Skiing in France
Telemark skiing is a term used for skiing using the Telemark turn which is a technique first developed by Sondre Norheim. It is also known as 'free heel skiing.' Unlike alpine skiing equipment, the skis used for telemarking have a binding that only connects the boot to the ski at the toes, just as in cross-country skiing.
Remember, if you can't ski or ride well, it's not because there is something wrong with you; it's your technique. Alpine and snowboard lessons are available at all resorts. Telemark lessons are available at Big Bear Mountain and Mammoth. This is a great chance to improve your skills before you jump onto the slopes on your own. Whether you're aiming to become a professional skier or you prefer warm ski lodges and games of partypoker but don't mind a day of soaring down the sides of mountains, you can enjoy it more with good technique. Ask for instruction in skiing or riding ungroomed snow (the instructor will tell you if you're ready). The instructor will work on the basic skills: Balance, steering, pressure, edging, rhythm and flow. The Ski Mountaineers conduct training clinics each year, with professional instructors.
There are many excellent alpine, telemark and snowboard videos.
Ski the Lifts
Unless you are a purist, as some are, you will get much more mileage. Skiing or riding can be taught in the backcountry, it's just slower (but cheaper).
Balance is Critical
If you fall frequently, you have a balance problem. Without correct balance, nothing else will work. Take a lesson.
Bend Your Ankles
A flexed athletic stance is essential. See the sketch above, which shows a proper telemark stance, flexed and facing downhill. When you flex properly, your ankles should be bent so that your knees are ahead of your toes. Do not bend at the waist; keep your back straight.
No Playing Footsie
Telemarkers used to be told to stick the front ski out to start a turn. This is not effective. It throws your weight backward at the beginning of the turn, just what you don't want. There are better techniques to try. Experts begin the turn without changing the lead ski, so that the downhill ski is ahead until the skis are in the fall line. To do this, start the turn before changing the lead ski.
You can also try a sink into the tele position, or sliding the rear ski back rather than the front ski forward (this is quick in steep terrain). Do not jerk your skis around.
Go to Church Later
Don't kneel on your telemark skis. Keep your rear ski only a foot or less behind the front ski. Keep weight on both skis (on the ball of the rear foot). Initiate by steering the skis downhill without changing the lead. If your inside (rear) ski seems to have a mind of its own, you don't have enough weight on it. Or you may be stemming and leaning on it. Don't do that.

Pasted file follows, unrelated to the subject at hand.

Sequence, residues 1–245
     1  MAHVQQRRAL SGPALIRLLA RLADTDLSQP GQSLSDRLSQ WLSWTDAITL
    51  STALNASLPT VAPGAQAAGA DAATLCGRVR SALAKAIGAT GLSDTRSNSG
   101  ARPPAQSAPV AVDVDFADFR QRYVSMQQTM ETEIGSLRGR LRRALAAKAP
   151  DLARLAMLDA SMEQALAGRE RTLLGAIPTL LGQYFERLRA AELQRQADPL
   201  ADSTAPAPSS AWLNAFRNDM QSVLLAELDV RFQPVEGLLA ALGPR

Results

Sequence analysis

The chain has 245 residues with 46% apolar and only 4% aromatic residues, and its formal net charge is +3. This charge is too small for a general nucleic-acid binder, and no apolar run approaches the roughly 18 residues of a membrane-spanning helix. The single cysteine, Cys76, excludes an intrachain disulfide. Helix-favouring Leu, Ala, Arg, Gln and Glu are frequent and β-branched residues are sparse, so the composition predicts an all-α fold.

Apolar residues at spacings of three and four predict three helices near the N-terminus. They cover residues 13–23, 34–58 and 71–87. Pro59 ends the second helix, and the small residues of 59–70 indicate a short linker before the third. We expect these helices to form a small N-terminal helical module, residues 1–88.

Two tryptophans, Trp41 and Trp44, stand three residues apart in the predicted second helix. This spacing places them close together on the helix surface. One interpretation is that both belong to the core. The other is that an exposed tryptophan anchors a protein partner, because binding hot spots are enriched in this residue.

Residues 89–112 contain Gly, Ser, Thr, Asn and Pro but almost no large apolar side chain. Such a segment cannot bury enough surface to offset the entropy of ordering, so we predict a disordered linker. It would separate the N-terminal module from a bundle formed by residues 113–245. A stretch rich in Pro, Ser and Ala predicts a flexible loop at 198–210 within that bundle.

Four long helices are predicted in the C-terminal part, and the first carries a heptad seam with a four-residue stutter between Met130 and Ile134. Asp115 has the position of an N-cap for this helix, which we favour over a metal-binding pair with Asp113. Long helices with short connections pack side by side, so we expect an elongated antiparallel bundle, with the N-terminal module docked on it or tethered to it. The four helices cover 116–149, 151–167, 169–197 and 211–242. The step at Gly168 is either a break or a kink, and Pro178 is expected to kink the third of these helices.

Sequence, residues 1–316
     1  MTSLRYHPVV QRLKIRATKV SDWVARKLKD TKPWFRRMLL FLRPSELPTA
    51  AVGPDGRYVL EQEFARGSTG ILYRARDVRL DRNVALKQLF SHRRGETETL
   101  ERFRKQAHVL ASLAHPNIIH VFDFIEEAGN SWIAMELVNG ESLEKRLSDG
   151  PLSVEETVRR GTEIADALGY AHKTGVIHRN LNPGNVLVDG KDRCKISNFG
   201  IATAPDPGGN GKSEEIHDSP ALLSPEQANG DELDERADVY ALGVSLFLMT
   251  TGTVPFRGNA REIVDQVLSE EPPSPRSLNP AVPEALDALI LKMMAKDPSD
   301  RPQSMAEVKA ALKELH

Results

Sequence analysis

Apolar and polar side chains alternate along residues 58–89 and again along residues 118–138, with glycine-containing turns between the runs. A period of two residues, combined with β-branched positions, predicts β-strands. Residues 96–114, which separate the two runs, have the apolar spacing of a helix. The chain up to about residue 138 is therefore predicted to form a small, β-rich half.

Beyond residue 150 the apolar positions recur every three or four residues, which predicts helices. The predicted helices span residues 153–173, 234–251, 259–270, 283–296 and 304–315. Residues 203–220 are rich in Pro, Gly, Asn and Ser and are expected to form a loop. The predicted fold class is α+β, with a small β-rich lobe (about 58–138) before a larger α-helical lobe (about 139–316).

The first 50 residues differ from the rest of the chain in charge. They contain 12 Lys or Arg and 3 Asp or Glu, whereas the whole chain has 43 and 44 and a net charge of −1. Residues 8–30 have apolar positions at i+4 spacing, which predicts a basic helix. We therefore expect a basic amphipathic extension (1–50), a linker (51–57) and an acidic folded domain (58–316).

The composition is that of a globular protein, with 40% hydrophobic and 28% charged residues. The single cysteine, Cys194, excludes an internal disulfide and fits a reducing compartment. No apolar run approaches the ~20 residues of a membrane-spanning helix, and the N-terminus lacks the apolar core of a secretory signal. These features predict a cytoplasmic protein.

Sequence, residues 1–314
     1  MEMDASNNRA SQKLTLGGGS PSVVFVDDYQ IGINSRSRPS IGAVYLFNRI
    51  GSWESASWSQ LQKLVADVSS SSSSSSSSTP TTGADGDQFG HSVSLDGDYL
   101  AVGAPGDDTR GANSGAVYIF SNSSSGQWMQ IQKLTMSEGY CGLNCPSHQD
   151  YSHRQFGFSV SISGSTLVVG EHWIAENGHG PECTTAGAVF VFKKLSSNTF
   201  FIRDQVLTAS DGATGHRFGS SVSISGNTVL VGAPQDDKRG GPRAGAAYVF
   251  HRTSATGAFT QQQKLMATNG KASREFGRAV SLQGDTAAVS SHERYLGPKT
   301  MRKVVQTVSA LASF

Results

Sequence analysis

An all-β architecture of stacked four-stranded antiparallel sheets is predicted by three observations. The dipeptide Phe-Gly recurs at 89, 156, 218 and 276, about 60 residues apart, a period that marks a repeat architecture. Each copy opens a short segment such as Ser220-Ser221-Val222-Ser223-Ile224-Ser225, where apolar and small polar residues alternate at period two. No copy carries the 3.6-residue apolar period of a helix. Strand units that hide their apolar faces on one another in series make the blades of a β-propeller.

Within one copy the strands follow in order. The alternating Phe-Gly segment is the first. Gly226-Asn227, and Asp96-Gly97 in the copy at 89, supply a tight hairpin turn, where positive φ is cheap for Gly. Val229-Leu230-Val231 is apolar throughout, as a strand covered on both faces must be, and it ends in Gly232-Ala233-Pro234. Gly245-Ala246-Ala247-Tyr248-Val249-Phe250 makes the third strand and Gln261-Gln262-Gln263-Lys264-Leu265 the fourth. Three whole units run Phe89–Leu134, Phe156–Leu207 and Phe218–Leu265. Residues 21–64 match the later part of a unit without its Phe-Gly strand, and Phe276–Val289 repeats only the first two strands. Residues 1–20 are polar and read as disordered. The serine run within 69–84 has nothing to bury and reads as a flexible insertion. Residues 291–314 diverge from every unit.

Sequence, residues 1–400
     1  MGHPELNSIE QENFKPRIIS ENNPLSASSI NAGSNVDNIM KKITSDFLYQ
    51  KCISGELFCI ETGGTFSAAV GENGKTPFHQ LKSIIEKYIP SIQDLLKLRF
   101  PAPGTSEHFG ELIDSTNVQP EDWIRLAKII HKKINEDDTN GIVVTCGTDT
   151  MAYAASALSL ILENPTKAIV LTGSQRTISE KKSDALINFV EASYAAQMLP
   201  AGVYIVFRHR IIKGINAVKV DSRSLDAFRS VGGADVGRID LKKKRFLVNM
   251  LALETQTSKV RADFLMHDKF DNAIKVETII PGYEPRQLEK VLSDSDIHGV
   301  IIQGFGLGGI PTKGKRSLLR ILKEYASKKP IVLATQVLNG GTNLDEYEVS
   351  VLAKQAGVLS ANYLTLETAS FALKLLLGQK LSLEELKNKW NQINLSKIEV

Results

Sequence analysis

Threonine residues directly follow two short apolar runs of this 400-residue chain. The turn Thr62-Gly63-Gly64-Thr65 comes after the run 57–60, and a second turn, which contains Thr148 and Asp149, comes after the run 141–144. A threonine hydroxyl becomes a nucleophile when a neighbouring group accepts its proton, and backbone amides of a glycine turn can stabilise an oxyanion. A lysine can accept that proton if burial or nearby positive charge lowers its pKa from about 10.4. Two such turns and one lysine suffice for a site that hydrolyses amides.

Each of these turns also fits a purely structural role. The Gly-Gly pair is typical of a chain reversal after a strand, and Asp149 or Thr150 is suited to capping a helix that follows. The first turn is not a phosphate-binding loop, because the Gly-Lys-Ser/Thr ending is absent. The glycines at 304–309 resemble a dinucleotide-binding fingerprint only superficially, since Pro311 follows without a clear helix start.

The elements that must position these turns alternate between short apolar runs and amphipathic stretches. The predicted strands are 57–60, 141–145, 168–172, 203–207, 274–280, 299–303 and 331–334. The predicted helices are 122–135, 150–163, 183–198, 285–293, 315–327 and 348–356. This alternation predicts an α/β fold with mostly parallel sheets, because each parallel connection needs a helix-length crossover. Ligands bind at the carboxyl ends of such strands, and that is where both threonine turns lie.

Keep Your Hands to Yourself
Keep your hands low, quiet, and in front. You often see telemarkers with their hands raised to the sky, like Charlton Heston playing Moses. We call this the "Nordic Prayer." Keep your hands just high enough to flick your pole forward for a pole plant (forearms level). Do not let your uphill hand get behind you at the end of a turn. Force it to stay downhill.
No Spear Fishing
One also often sees people with their hands high and the poles aimed forward, as if to spear a fish. This throws the weight back, and it is also dangerous; you can put a pole in your eye. Keep the baskets behind you until you need to plant your pole.
Let the Skis or Snowboard Do the Work
Skiers should read the snowplow vs wedge discussion. Skiing is done with the legs, not the upper body. Your upper body should face the center of the next turn at all times, straight down the fall line for short turns. It helps to look at some object directly downhill. Aim your fanny uphill. This requires more twisting at the waist in the telemark than in the parallel position, because the downhill ski is ahead at the end of the turn.
Think Big Toe, Little Toe
In the telemark particularly, keep pressure on the big toe of the front foot and the little toe of the rear foot to edge the skis correctly while turning.
Use the Ski Tests for Practice
If you keep repeating the exercises in the ski tests, you will be working on fundamentals. Instructors can suggest other exercises.
A Powerful Exercise
This exercise, called the mono-tele, helps alpine skiers learn to telemark and telemark skiers learn to ski parallel. Any equipment will do. Make a number of turns down the fall line on easy terrain with the same ski always ahead. Half the turns will be telemark, half parallel (but with the rear heel lifted on tele gear). Notice that you have to unweight to make the turns. It helps to stomp on the rear ski to initiate (pressure). Now switch the lead ski between turns. Practice with each ski ahead until it doesn't seem to matter which way you do it. Try it with the skis flat (steering), and also edged (edging). You can do this even with alpine boots (it helps to loosen the top buckles a bit).